Travel Budget for Big Island of Hawaii

Hawaii, United States of America

How much does it cost to travel to Big Island of Hawaii?

Average Daily Expenses

(Per Person)

This typical travel budget for Big Island of Hawaii is an aggregation of travel expenses from real travelers. This will give you an idea of how much money you will need during your visit.

Average Daily Travel Cost:
$ 206.13
Accommodation1 $ 89.87
Food2 $ 85.18
Local Transportation1 $ 30.23
Entertainment1 $ 28.30
Communication2 $ 13.98
Souvenirs1 $ 11.50
Alcohol2 $ 25.80
What comes to mind when someone says, "Hawaii"? Probably sandy beaches, coconut drinks and lazy days of tanning. It's a dream destination for those who want to get away, but the island of Hawai'i, or the Big Island as it's most commonly called, has so much more to offer than a place to catch up on your latest novel.

At 93 miles across, and a population of 185 thousand, the Big Island was once a large exporter of sugarcane. After its final plantation closed in 1996, tourism became the backbone of Hawai'i Island's economy. More recently, the Big Island has become the focus for sustainable tourism – visiting a place as a tourist and trying to make only a positive impact on your destination. Waipi'o Valley, Hawai'i Waipi'o Valley, Hawai'i
Sights
If you are headed to Hawaii with one goal in mind – beaches – then the Hapuna Beach should be at the top of your list. It's one of the most iconic beaches in the state.

However, if seeing the sites is more your style, you can begin by visiting the Pu'uhonua O Honaunau National Historical Park – also known as "Place of Refuge." It's a great spot to begin your education of Hawaiian culture and traditions. For an easy jaunt to awe-inspiring waterfalls, make your way to Akaka Falls State Park. Visit during the seasonal rains for the best views. For a more challenging adventure to breathtaking sights, visit the Waipi'o Valley – accessible by foot or horseback. Once there, you'll stand speechless, simply swept away by the black beaches, waterfalls and wild horses.

For a beautiful end to the day, head to one of the island's sacred locations, Mauna Kea. With tons of telescopes, you'll be amazed by the world's clearest stargazing.
Neighborhoods
The Big Island is divided into six districts called moku.

Hilo is the district in east Hawaii. This part of the island gets more precipitation than most other areas of the island. If you're looking for waterfalls and rainforests, you're likely to find them in this lush area of the island.

The district known as Kona, located in the west of the island, is warmer with less rain. While there are many beaches, the waves are much less intimidating – making it the perfect spot for beginner surfers, snorkelers, paddlers or anyone interested in trying out water sports. It's also a great spot for dolphin and whale watching.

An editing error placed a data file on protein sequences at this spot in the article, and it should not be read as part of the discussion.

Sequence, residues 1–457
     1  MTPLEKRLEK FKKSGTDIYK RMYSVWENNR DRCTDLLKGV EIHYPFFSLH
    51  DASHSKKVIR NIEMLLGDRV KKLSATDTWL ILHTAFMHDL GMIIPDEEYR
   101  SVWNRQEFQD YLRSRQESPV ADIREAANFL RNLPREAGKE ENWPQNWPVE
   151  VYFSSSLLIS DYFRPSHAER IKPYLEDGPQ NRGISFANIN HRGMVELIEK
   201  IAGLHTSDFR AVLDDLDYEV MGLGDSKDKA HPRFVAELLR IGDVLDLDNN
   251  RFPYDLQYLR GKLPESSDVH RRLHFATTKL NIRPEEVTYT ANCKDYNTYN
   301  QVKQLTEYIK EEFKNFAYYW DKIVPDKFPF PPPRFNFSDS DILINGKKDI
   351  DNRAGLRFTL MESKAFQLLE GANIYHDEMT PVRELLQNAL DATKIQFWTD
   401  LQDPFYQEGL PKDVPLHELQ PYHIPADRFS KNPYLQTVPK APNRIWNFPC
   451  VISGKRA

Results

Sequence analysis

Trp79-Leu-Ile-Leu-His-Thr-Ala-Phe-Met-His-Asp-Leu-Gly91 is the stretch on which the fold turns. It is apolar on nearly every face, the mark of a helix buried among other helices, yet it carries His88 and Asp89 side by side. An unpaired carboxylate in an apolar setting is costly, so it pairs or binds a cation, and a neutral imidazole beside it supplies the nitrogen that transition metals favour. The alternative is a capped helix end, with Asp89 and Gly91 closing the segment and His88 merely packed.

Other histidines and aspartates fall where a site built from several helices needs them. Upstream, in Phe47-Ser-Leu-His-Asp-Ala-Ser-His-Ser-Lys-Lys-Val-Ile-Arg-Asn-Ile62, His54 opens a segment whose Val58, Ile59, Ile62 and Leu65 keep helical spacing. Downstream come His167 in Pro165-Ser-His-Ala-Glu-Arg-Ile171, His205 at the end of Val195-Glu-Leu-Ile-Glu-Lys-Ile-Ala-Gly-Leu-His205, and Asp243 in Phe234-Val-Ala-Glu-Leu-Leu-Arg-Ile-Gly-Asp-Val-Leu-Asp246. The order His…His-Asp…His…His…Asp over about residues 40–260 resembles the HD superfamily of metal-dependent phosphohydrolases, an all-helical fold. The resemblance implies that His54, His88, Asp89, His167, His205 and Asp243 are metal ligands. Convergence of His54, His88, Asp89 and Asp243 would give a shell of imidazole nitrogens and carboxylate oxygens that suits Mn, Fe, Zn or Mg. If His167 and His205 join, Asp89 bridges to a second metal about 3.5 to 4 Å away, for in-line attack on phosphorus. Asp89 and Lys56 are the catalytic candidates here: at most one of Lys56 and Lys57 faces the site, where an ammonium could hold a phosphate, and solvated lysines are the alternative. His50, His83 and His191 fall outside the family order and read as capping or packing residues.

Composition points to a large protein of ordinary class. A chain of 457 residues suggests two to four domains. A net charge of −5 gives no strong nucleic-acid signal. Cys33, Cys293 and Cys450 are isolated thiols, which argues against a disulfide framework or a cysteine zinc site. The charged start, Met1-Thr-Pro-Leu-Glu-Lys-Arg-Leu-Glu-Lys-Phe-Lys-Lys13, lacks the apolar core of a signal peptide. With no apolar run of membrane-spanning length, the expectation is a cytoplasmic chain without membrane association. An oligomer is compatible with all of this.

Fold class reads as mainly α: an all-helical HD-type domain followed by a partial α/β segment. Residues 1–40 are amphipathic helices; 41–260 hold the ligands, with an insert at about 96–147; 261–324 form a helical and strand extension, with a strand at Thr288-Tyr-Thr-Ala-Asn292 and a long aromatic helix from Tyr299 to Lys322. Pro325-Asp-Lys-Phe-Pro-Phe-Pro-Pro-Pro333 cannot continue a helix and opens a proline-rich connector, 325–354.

The northwest region known as Kohala, is the land of resorts and golf clubs. It's full of tourists, but the artificial, vibrant landscaping against the black volcanic surface provides everyone who visits with stunning views.

Hamakua is the northeast district covered in rolling hills ending in stark cliffs with cascading waterfalls, and the southeast region of Puna is where you'll find the longest erupting volcano - going strong since 2013. Many tourists don't find their way to the southern region of Ka'u, but it is an up and coming area worth checking out.
Activities
Your first adventure has to be a hike through the Hawai'i Volcanoes National Park. This trek through smoking craters, rainforest, desert and lava lakes will show you the true geological marvels of Hawaii. Follow that lava flow on your next hike in Puna. Walk along the black crust to see the lava spilling into the ocean – creating a mile high steam rise as the magma mixes with the water below.

A helicopter ride will give you the best view of the tall waterfalls spilling over the cliffs of Hamakua, while kayaking in Kealakekua Bay will take you to the best snorkeling in the state. The rainbow fish in Kealakekua aren't the only sights to behold underwater. Turn on your diving lights for a spectacle of manta rays. Their ten foot wing spans will overwhelm you as you gracefully swim with these amazing creatures.
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Food and Dining
Hawai'i is home to some of the most inventive chefs – turning local eats into innovative dishes seeped in Hawaiian culture. You can never go wrong with a classic poke (salad of raw fish) or seafood entrée. Outside of the resorts and hotels, however, finding a quality restaurant isn't a simple feat. Seek out any local market to find the freshest, most delicious fruits the island has to offer – from Ka'u oranges to Poha berries.
Transportation
Public transit is limited – you'll likely need a car to get to most destinations. Plan on renting or taking taxis everywhere.

You should remember that rental cars are booked months in advance, depending on the season. If you're planning on staying in one town, another option is renting a moped or bicycle.
1 Categories averaged on a per-item basis.
2 Categories averaged on a per-day basis.
For example, the Food2 daily average is for all meals for an entire day, while Entertainment1 is for each individual purchase.
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